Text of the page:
I am still amazed at how a young man from Arizona with an 8th grade education went to California and started a national movement. He served as a U.S. Marine during World War II, yet he never earned more than $6,000 a year or owned a house. In 1962, he co-founded the United Farmworkers Association along with Dolores Huerta. In 1965, he became the leader of the Delano grape strike that later developed into an international cause, receiving support from many European countries.
Importantly for many of us, César was the first Mexican American/Latino to appear on the cover of TIME in 1969 – and his beautiful portrait painted by Manuel Acosta of El Paso now hangs in the National Portrait Gallery in Washington, D.C. After his death, President Bill Clinton presented his wife, Helen, with the Presidential Medal of Freedom for his work among migrants and farmworkers and other people living in poverty.
When my wife, Sally, and I first met César in person, his conversation was simple, low key, never referring to his past successes in the labor movement. Instead he focused on the future, his message being, leave this world in a better position than we found it.
César and the UFW union provided a focus, a base, a rallying cry from which dozens of other protest and self-help groups emerged. His model and tactics strengthened their efforts, often focused on giving our youth opportunities for college. The Starr County strikers march to Austin succeeded in catalyzing the Chicano Civil Rights Movement in Texas. Today, we have elected officials at all levels, college presidents, and men and women in other state and federal offices across Texas and the nation.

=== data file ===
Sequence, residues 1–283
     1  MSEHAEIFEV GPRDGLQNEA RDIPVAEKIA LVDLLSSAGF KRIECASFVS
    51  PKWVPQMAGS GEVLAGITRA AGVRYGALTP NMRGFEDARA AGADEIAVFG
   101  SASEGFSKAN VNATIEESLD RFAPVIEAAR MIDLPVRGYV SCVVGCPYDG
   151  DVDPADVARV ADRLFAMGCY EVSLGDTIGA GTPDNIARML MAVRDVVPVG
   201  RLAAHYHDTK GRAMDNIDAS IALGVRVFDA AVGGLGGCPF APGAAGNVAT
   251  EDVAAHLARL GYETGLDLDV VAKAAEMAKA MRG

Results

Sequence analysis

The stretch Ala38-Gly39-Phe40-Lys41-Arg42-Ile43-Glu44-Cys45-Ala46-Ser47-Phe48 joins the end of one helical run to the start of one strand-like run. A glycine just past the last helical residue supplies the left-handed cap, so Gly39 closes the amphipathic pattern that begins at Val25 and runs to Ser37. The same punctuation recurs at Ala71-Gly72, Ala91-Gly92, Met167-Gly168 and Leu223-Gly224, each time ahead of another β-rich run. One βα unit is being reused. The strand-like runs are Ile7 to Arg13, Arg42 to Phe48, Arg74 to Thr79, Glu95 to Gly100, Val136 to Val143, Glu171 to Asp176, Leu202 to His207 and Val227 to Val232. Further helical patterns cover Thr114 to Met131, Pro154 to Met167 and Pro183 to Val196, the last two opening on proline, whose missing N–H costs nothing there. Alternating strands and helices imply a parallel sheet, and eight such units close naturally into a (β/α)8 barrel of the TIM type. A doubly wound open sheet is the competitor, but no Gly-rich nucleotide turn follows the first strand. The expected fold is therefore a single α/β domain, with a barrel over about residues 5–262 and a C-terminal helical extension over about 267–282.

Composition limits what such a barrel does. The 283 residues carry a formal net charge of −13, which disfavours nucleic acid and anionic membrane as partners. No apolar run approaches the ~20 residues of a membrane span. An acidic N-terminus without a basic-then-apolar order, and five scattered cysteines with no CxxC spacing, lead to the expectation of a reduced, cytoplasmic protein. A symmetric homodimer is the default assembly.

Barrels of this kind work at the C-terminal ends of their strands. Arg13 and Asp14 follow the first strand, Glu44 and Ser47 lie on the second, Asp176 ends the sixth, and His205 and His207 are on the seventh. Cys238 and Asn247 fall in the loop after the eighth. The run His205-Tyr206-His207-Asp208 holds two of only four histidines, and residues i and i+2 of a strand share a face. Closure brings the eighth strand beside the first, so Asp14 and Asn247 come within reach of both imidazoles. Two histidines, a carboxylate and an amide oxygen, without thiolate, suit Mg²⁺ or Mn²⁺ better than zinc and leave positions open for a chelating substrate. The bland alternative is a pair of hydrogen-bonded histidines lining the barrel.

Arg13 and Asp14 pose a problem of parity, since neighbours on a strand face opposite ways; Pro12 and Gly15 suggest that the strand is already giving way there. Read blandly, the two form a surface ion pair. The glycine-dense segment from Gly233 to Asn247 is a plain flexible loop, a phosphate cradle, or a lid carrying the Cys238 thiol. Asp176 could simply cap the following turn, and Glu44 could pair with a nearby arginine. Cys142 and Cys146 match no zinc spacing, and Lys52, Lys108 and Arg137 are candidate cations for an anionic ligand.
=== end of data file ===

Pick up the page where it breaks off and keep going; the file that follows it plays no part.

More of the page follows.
I am deeply wounded that The University of Texas at El Paso discarded the César Chávez holiday. This cruel and thoughtless act demonstrates how insensitive the faculty is to the UTEP student body but even more so given the history of El Paso and our state.
César never asked to have schools, streets, public buildings named after him, or books and movies about his life, nor did he request any holiday in his honor. Nonetheless, César Chávez sacrificed his life, health and economic security to obtain basic rights for all Americans through principled non-violence – in the same manner as Mahatma Gandhi, Martin Luther King, Jr. and Nelson Mandela. He did this without seeking money, glory or power. The least we can do is to maintain our Texas holiday and to learn from his life.
Throughout the decades that my family and I have worked to achieve peace and justice, César has always been our model: “One person can make a difference.” And as he predicted: